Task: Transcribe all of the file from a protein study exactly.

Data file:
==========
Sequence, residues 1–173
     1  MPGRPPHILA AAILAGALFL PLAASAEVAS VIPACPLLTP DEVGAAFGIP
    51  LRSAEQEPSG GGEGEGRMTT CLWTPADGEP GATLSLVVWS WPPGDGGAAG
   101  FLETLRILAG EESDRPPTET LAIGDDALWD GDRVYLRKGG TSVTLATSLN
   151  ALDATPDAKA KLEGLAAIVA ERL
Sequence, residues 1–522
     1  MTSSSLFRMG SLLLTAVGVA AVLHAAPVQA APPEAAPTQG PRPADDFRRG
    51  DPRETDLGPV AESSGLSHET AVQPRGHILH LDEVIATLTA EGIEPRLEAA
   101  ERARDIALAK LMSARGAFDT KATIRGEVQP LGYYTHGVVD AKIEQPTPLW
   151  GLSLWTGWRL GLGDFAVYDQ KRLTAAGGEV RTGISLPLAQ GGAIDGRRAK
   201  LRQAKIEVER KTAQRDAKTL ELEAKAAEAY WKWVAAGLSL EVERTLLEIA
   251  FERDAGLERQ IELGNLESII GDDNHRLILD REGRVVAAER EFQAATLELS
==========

Sequence, residues 1–173
     1  MPGRPPHILA AAILAGALFL PLAASAEVAS VIPACPLLTP DEVGAAFGIP
    51  LRSAEQEPSG GGEGEGRMTT CLWTPADGEP GATLSLVVWS WPPGDGGAAG
   101  FLETLRILAG EESDRPPTET LAIGDDALWD GDRVYLRKGG TSVTLATSLN
   151  ALDATPDAKA KLEGLAAIVA ERL
Sequence, residues 1–522
     1  MTSSSLFRMG SLLLTAVGVA AVLHAAPVQA APPEAAPTQG PRPADDFRRG
    51  DPRETDLGPV AESSGLSHET AVQPRGHILH LDEVIATLTA EGIEPRLEAA
   101  ERARDIALAK LMSARGAFDT KATIRGEVQP LGYYTHGVVD AKIEQPTPLW
   151  GLSLWTGWRL GLGDFAVYDQ KRLTAAGGEV RTGISLPLAQ GGAIDGRRAK
   201  LRQAKIEVER KTAQRDAKTL ELEAKAAEAY WKWVAAGLSL EVERTLLEIA
   251  FERDAGLERQ IELGNLESII GDDNHRLILD REGRVVAAER EFQAATLELS